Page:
Issue Date: June 17, 2013
Changes Ahead For ACS Guidelines
In 1940, the American Chemical Society published its first list of chemistry undergraduate programs certified to meet certain criteria. Those criteria, last revised in 2008, are once again up for review.
ACS’s Committee on Professional Training (CPT) develops the guidelines and reviews programs to determine whether they meet and remain in compliance with requirements related to faculty and staff, infrastructure, curriculum, undergraduate research, and student skill development.
The guidelines currently require students to take the equivalent of a one-semester foundation course in each of five chemistry subdisciplines: analytical, biochemistry, inorganic, organic, and physical. In addition, students are required to take at least four in-depth courses, as well as have at least 400 hours of lab experience.
The 2008 revisions allowed a more integrated approach to chemical education and introduced a level of flexibility that had not been permitted before. Because those guidelines were such a departure from previous versions, CPT anticipated it would need to revisit the guidelines rather soon to make sure they were working as hoped.
“We knew that we were going to need to come back in four or five years,” says 2013 CPT Chair Anne B. McCoy, a chemistry professor at Ohio State University.
Since January 2012, CPT members have been reviewing the guidelines and gathering input from the chemistry community in preparation for the next set of revisions, which are slated for release in spring 2014. A report detailing the proposed revisions is now available on the CPT website (www.acs.org/cpt).
CPT has hosted several open meetings on the proposed revisions. At the ACS national meeting in New Orleans in April, CPT held an open meeting and a symposium in the Division of Chemical Education; both were well attended, McCoy says. CPT plans to hold another open meeting at the fall ACS national meeting in Indianapolis.
“We don’t anticipate making major changes to what the curriculum looks like,” McCoy says.
Among the proposals, she notes, is one addition: a capstone experience. But that experience is broadly defined. The one requirement is that the capstone integrate the student skills outlined in the guidelines.
Jeffrey S. Moore, interim head of the chemistry department at the University of Illinois, Urbana-Champaign, worries that large departments like his may have trouble offering a capstone experience for all students seeking to earn an ACS-certified degree.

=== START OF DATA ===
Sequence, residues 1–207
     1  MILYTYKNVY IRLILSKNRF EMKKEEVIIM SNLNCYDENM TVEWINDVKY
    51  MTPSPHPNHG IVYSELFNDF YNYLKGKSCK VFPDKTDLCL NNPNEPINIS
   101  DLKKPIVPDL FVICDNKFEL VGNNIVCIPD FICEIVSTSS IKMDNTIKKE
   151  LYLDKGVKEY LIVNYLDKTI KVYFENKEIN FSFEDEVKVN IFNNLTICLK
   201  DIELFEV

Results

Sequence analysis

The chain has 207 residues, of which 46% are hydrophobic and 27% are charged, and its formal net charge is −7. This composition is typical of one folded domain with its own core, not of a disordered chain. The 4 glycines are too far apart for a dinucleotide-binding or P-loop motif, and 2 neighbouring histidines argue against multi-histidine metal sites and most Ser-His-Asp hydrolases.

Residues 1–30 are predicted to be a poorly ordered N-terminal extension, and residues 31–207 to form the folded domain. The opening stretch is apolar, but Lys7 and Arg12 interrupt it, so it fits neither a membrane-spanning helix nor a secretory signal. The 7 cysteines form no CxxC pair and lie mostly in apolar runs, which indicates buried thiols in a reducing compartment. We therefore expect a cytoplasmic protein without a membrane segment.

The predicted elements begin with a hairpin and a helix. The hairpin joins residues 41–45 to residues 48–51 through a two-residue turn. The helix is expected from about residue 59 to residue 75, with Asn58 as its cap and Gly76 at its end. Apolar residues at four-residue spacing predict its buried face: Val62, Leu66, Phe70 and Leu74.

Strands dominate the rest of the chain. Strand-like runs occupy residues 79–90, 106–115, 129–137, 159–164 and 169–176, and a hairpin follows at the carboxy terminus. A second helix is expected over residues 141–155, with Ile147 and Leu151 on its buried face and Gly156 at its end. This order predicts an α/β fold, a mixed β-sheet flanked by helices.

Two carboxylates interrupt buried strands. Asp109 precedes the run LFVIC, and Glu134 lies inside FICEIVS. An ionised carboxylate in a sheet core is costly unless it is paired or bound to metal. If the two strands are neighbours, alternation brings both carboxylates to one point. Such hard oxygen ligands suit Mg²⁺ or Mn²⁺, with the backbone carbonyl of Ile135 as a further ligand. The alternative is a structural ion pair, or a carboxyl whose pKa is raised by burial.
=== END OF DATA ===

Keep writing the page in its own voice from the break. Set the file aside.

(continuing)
Illinois faculty can offer individual study courses in which they guide small groups of students doing literature research on a topic of current interest, he says. But such a course is difficult to scale up to the 100 or more chemistry majors who graduate from Illinois each year.
Beyond the capstone experience, most of the proposed revisions address matters related to departmental infrastructure, including faculty and instrumentation.
One change involves increasing the minimum number of full-time faculty members for an approved department from four to five. This proposed change would affect approximately 30 of the 670 approved departments. The increase in faculty was proposed for the 2008 revisions, but it was removed because of strong resistance.
Although flexibility was incorporated into the current guidelines, some chemistry department chairs think the guidelines still aren’t flexible enough. For example, a proposed change calls for students to have significant hands-on lab experience, such as a general chemistry course, before starting foundation lab courses.
“We don’t offer the equivalent of an introductory lab anymore,” says Henry Jakubowski, chair of the chemistry department at College of Saint Benedict & Saint John’s University, in St. Joseph, Minn. His department revamped its curriculum after the 2008 revisions, and students now start their foundation lab courses during their first semester.
The added flexibility also comes into play for some programs in which the requirement for biochemistry can make it difficult for some students to receive ACS-certified degrees. For example, in the chemistry department at the University of Minnesota, Twin Cities, which is part of the College of Science & Engineering, its students have a strong materials science bent.
“Many of our majors are not interested in biology,” says William B. Tolman, department chair at Minnesota. “They’re doing advanced solid-state chemistry, materials chemistry, and polymer chemistry, but they can’t get a certified degree because they didn’t take biochemistry. The ACS guidelines should be more flexible to enable programs to evolve in these directions.”
Some of the proposed changes are ones of emphasis, in particular when it comes to lab safety. For example, several guidelines are being changed from “shoulds” to “musts.” Among them is a proposal that every program must have an active safety committee.
“The ‘musts’ are deal breakers,” says Joel I. Shulman, a chemistry professor at the University of Cincinnati and former CPT member who is now a consultant to the committee. “If the guidelines say ‘must’ for something, and a program doesn’t do it, they are out of compliance, which can lead to probation.”
McCoy reiterates that CPT’s proposed changes are still just proposals. “Nothing is set in stone,” she says. “Everything is still open for discussion.”
Interested individuals have time to provide feedback, although CPT must receive their comments by Aug. 1 (see page 40). CPT expects that it will begin finalizing the new guidelines in October.
“I was encouraged that so many people were interested and concerned,” says Allan K. Hovland, a chemistry professor at St. Mary’s College of Maryland who attended the New Orleans symposium. It’s important for faculty to be aware of the proposed changes, he asserts, because those changes could have major impacts on their programs.
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